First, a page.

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Empirical Evidence on the Aggregate Effects of Anticipated and Unanticipated U.S. Tax Policy Shocks

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  • Mertens, Karel
  • Ravn, Morten O

Abstract

We provide empirical evidence on the dynamic effects of tax liability changes in the United States. We distinguish between surprise and anticipated tax changes using a timing-convention. We document that pre-announced but not yet implemented tax cuts give rise to contractions in output, investment and hours worked while real wages increase. In contrast, there are no significant anticipation effects on aggregate consumption. Implemented tax cuts, regardless of their timing, have expansionary and persistent effects on output, consumption, investment, hours worked and real wages. Results are shown to be very robust. We argue that tax shocks are empirically important impulses to the U.S. business cycle and that anticipation effects have been important during several business cycle episodes.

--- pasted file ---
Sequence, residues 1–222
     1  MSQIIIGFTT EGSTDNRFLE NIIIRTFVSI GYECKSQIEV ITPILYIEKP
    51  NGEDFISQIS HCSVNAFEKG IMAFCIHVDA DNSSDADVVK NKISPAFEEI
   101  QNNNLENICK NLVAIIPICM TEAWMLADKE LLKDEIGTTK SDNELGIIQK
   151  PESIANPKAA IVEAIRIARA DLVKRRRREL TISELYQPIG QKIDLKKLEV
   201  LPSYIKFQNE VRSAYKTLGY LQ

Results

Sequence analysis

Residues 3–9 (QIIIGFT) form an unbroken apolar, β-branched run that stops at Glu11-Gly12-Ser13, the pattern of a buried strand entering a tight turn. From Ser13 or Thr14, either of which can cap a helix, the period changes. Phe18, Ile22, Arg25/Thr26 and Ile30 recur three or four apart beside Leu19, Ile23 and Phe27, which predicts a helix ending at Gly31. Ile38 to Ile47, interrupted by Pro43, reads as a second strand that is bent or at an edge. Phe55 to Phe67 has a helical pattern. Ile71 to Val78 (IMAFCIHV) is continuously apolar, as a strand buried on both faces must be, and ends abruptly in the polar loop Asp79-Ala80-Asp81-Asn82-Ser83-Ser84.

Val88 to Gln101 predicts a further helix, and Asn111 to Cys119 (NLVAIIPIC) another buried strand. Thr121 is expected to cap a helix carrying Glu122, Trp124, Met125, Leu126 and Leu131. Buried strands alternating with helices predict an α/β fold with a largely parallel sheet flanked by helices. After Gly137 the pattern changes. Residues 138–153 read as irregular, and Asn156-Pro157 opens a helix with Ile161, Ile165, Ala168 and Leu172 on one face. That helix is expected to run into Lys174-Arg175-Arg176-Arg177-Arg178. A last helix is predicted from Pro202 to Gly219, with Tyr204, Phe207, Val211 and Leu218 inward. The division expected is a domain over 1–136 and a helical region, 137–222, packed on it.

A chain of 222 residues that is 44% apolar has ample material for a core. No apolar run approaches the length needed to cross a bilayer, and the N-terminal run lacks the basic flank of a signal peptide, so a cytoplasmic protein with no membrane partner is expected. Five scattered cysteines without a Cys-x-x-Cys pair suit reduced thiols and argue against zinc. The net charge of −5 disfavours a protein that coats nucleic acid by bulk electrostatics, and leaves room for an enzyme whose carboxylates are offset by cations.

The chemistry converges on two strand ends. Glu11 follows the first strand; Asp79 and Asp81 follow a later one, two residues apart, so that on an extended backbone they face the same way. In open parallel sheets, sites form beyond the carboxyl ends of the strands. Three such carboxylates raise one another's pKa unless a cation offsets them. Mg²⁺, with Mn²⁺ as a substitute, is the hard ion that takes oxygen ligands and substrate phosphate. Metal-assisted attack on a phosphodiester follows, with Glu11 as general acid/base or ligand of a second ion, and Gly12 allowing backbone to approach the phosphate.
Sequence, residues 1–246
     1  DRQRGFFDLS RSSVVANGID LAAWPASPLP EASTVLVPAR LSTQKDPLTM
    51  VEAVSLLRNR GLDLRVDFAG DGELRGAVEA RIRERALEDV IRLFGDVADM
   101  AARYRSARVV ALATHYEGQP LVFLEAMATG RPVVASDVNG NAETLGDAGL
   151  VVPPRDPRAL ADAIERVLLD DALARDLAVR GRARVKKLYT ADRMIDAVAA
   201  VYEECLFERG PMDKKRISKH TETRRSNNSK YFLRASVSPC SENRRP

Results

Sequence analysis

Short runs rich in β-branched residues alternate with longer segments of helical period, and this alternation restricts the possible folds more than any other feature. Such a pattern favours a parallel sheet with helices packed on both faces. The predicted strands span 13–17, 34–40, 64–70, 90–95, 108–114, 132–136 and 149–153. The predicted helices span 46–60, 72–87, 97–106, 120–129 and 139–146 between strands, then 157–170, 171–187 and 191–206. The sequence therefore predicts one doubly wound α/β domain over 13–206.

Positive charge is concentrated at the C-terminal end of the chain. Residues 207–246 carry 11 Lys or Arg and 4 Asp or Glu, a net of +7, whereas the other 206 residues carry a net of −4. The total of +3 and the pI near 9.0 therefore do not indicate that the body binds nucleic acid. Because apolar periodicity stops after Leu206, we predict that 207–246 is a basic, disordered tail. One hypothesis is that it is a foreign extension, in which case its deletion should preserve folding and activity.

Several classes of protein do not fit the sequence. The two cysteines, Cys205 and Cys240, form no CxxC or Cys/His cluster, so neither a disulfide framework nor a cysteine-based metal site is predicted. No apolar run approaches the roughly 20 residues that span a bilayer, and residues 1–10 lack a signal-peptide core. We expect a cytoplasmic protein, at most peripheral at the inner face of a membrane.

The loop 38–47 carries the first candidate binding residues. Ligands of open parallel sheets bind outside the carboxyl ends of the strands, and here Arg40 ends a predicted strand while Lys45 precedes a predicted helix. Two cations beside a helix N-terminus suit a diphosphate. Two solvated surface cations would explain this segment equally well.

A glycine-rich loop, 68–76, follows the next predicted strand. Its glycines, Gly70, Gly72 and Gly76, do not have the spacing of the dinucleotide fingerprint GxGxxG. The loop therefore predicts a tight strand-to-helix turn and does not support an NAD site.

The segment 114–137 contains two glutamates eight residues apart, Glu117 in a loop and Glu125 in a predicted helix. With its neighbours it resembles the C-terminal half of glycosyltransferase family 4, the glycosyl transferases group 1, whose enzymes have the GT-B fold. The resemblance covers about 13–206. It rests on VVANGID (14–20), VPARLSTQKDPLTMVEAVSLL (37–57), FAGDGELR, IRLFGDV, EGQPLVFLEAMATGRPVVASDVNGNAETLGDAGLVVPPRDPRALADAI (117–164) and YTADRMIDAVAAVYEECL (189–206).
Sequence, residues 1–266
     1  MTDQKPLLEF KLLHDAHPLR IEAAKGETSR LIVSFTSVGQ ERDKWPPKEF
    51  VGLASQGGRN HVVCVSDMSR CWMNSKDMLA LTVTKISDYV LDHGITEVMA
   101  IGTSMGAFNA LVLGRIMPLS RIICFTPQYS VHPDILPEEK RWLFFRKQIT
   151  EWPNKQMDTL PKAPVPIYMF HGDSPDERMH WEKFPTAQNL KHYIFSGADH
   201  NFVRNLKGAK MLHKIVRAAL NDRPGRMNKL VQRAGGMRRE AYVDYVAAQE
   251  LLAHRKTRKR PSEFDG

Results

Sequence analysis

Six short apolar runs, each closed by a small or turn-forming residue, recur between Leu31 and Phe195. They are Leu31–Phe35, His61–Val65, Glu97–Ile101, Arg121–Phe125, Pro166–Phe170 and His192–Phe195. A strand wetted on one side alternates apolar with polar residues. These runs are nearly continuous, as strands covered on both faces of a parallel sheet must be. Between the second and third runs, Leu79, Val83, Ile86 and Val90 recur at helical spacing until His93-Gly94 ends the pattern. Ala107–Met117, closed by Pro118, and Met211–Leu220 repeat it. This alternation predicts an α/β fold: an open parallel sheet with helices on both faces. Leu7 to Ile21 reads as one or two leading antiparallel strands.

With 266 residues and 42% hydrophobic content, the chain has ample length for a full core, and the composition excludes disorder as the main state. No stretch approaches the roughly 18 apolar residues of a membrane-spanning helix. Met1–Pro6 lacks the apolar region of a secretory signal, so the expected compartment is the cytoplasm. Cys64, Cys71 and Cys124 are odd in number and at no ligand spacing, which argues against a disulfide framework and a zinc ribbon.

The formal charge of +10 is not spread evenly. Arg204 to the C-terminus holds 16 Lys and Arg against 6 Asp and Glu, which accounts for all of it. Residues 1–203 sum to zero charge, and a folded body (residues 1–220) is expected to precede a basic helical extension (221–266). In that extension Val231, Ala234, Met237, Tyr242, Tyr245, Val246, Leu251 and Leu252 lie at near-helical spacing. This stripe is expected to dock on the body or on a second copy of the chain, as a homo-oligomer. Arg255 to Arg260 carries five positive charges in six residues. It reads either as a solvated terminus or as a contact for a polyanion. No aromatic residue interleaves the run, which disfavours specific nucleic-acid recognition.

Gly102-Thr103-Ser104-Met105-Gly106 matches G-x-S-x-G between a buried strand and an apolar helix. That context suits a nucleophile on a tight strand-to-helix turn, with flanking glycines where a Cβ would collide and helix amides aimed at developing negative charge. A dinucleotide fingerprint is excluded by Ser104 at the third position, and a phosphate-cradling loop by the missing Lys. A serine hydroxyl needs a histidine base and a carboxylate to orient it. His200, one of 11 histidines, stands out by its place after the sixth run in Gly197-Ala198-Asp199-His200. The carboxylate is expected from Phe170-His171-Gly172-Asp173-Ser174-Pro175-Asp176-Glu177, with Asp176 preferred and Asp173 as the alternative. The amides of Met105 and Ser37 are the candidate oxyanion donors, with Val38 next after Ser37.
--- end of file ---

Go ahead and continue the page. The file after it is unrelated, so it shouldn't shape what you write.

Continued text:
Suggested Citation

  • Mertens, Karel & Ravn, Morten O, 2009. "Empirical Evidence on the Aggregate Effects of Anticipated and Unanticipated U.S. Tax Policy Shocks," CEPR Discussion Papers 7370, C.E.P.R. Discussion Papers.
  • Handle: RePEc:cpr:ceprdp:7370
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    More about this item

    Keywords

    anticipation effects; business cycles; fiscal policy; tax liabilities;
    All these keywords.

    JEL classification:

    • E20 - Macroeconomics and Monetary Economics - - Consumption, Saving, Production, Employment, and Investment - - - General (includes Measurement and Data)
    • E32 - Macroeconomics and Monetary Economics - - Prices, Business Fluctuations, and Cycles - - - Business Fluctuations; Cycles
    • E62 - Macroeconomics and Monetary Economics - - Macroeconomic Policy, Macroeconomic Aspects of Public Finance, and General Outlook - - - Fiscal Policy
    • H30 - Public Economics - - Fiscal Policies and Behavior of Economic Agents - - - General

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